I get recognised more as an actor: Farhan Akhtar

  • Shalvi Mangaokar, Hindustan Times, Mumbai
  • Updated: May 03, 2015 15:10 IST

Farhan Akhtar, who dons various hats — of a producer, director, actor, singer and more — says he manages to make time for all of them, as well as for social awareness campaigns. He talks to us about how he juggles various careers, why he hasn’t given up on direction, and more.

You were a director first, and then became an actor. But that perception has changed, since you now act more than you direct.
Of course, to a certain degree, there has been a change. As an actor, you’re a lot more visible, and that always makes a difference. I remember when Rock On!! (2008; Farhan’s acting debut) released, we did a couple of interviews, and I was asked, ‘Yeh aapki first film hain, to isse pehle aapne kya kiya tha?’ (This is your first film; what were you doing prior to this?). I replied that I had made Dil Chahta Hai (2001), and he said, ‘Oh, that’s you!’ So, visibility has its share of benefits, but there’s also a certain joy in anonymity, especially when you’re a writer.

But don’t you miss direction?
I do, but it’s not something I’ve given up. I have many years ahead of me that I shall use to tell stories as a director.

You dabble in so many careers. How do you manage to make time for everything?
You have to associate, work and partner with people you trust. When you know that they have a common interest, and the same vision, aesthetic sense and sensibility, then more often than not, you end up in an area where you are comfortable leaving people to do what they’re supposed to be doing. That’s one aspect of it. In terms of the actual hours you have to put into something, it just comes back to the fact that it’s amazing how flexible time is. When you really want to do something, you’ll always find the time.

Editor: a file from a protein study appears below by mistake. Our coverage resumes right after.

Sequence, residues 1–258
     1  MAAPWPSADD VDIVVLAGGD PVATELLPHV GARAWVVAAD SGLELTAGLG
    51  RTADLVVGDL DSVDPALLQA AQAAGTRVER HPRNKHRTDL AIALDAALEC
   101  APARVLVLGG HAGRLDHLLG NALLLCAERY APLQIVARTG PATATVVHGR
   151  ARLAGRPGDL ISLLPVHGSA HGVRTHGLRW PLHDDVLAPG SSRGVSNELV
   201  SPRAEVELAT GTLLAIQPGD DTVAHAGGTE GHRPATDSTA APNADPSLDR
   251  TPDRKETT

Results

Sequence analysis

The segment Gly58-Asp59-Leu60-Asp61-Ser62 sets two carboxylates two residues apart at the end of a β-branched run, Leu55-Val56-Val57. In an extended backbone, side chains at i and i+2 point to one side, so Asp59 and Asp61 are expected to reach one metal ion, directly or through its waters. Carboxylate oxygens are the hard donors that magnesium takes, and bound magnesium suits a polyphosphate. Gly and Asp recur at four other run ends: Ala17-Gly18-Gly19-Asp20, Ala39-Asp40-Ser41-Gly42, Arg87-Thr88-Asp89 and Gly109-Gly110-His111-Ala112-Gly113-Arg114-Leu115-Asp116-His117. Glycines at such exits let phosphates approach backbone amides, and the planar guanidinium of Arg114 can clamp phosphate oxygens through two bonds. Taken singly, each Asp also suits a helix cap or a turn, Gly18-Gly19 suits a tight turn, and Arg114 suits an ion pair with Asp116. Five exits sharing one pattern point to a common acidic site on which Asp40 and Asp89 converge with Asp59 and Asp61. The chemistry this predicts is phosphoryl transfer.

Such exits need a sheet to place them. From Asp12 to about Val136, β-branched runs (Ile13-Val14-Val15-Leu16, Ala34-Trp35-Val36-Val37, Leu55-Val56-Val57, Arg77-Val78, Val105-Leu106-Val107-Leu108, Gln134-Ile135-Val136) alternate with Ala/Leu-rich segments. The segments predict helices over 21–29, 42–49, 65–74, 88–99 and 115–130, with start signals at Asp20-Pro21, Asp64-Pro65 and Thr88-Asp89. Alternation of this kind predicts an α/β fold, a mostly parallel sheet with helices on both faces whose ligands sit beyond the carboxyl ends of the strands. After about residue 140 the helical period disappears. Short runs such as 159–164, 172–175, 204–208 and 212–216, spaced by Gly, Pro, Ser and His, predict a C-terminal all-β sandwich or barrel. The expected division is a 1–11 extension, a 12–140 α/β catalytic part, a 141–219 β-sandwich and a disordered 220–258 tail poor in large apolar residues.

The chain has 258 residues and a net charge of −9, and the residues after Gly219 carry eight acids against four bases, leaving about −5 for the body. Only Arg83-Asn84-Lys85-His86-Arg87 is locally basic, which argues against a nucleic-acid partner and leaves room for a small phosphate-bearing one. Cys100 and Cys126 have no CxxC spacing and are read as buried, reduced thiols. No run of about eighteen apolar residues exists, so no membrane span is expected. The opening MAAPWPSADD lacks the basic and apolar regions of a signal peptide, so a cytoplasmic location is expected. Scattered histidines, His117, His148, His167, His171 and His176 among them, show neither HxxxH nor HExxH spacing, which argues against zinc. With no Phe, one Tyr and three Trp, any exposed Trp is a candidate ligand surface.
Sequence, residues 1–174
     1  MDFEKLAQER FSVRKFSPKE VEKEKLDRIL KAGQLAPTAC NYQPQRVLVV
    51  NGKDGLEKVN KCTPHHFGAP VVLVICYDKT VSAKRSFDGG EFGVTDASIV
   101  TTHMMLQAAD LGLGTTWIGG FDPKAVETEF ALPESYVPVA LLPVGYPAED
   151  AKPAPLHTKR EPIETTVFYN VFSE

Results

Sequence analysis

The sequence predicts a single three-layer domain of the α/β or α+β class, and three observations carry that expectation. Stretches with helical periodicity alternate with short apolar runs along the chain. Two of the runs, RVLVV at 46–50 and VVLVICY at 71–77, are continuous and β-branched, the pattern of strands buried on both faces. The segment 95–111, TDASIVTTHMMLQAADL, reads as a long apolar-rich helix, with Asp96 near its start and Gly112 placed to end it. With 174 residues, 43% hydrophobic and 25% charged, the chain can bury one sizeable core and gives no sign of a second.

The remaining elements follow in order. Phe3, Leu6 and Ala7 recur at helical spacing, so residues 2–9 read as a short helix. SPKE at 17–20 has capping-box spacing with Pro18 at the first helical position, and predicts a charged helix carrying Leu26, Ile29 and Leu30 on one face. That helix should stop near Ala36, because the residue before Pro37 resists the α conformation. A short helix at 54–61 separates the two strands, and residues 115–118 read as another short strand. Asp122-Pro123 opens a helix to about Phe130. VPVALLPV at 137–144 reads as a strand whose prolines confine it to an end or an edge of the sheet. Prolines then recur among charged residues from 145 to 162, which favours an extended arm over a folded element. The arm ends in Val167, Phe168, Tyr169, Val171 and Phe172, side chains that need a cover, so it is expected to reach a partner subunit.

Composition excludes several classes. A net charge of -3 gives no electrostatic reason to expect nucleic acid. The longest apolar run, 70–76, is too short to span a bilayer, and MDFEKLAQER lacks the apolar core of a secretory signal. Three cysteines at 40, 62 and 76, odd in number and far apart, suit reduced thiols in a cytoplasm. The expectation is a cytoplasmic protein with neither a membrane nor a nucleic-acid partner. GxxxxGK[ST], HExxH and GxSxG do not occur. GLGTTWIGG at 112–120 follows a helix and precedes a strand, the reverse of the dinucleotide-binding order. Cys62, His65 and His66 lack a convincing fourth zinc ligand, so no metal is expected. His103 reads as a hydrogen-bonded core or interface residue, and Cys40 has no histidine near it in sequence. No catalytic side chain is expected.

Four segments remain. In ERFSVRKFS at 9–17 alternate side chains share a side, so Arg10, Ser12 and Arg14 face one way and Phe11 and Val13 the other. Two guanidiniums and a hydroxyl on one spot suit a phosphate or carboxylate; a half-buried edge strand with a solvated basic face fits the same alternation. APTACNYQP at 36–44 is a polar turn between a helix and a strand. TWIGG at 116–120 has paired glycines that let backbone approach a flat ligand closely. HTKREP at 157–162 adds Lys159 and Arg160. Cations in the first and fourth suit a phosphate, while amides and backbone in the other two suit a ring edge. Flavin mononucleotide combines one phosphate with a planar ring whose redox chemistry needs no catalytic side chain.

You are associated with Ford India’s ‘What Drives You’ campaign. Tell us what drives you at work?
I enjoy engaging with people on a creative level. If I can entertain them — and by that I don’t mean making them laugh — in a way that they feel the experience they’ve had while watching a film etc. is worthwhile, that’s a big payoff for me. As long as I can achieve that, it feels great.

Awareness about gender equality is something you’ve been propagating for a while. Do you notice some change?
The strongest effect of the worldwide discussion on gender equality is that now, people are aware that there is a problem. I think that’s one of the biggest things we have achieved so far. For the longest time, things were swept under the carpet and you didn’t find people coming out to speak openly about what’s happening inside their homes. That has changed drastically. Whenever I meet students in colleges, they talk about what they are doing within their communities and colleges to find a solution. That’s very good because these students will be adults tomorrow. They will be opinion makers and leaders in their fields. So it’s heartening to see that, and it encourages me to do more.

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